Reserve System is to provide the U.S. with a stable currency, a stable value of money, and long-term price predictability.

Judged against this objective the Federal Reserve System under Volcker must be considered a failure But the basic function of the Federal The inflationary developments in the last two decades, and especially in the last 15 years, go beyond anything seen i n the prior two or three centuries. Institutions built up during those years of relative price stability are beginning to crumble and erode. And Americans who no longer can depend on long-term contracts have sought increasingly to resort to the political p rocess instead for economic security.

The U.S. was facing very serious problems before Volcker came to office in 19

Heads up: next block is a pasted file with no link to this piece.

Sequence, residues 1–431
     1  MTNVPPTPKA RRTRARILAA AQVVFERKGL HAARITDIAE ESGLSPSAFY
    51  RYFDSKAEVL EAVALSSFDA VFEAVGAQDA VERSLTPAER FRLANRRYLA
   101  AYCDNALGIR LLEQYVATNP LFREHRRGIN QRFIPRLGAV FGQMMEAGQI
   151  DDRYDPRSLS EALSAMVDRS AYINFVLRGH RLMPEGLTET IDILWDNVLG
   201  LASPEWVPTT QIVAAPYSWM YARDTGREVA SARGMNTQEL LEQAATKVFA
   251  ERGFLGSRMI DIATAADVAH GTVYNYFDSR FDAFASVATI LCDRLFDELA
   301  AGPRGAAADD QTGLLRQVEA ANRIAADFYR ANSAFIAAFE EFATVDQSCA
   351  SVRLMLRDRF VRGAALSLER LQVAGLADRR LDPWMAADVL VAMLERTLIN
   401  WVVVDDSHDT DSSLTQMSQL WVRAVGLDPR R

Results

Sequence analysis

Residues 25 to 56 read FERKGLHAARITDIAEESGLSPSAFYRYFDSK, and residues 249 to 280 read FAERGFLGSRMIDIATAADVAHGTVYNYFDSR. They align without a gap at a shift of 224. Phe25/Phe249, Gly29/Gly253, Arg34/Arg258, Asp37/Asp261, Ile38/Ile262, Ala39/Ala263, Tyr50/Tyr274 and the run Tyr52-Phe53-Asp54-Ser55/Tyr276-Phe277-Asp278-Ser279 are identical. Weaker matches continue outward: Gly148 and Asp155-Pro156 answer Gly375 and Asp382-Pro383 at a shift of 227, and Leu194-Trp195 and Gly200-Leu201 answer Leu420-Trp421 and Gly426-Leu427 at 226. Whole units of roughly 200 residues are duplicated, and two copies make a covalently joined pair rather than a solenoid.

79. But he has not devoted his great talents to fashion the stable monetary framework that would lead to stable money, stable prices, and s table expectations. Such a framework is critical to the structural health of the U.S. economic system.14 RULES TO DETERMINE THE MONETARY BASE A possible solution to the policy vacuum would be to move to a commodity money such as a gold standard effectivel y only if politicians, the public, and bankers were prepared to accept the necessary discipline. An automatic monetary regime based on gold would remove the political elements from the I monetary process. This is a very desirable objective. If the public p r oved ready to accept the constraints of an automatic commodity standard it could provide the discipline currently lacking in monetary p01icy.l This would work I l4 See M. D. Bordo and A. J. Schwartz The Importance of Stable Money l5 Theory and Evidence Th e Cat0 Journal, vol. 3, 1983 See Robert A. Mundell, A. Reynolds, J. Salerno, A. Kafka, et al. in The Cat0 Journal, vol. 3, 1983. 14 An alternative would be to freeze the monetary base after a transition period of several years.16 sum of currency plus bank r eserves would be held constant. Once the monetary base were frozen, the Federal Reserve no longer would be able to vary the quantity of reserves it supplied to the banking system, and there would be an end to volatile fluctuation in both money growth and interest rates.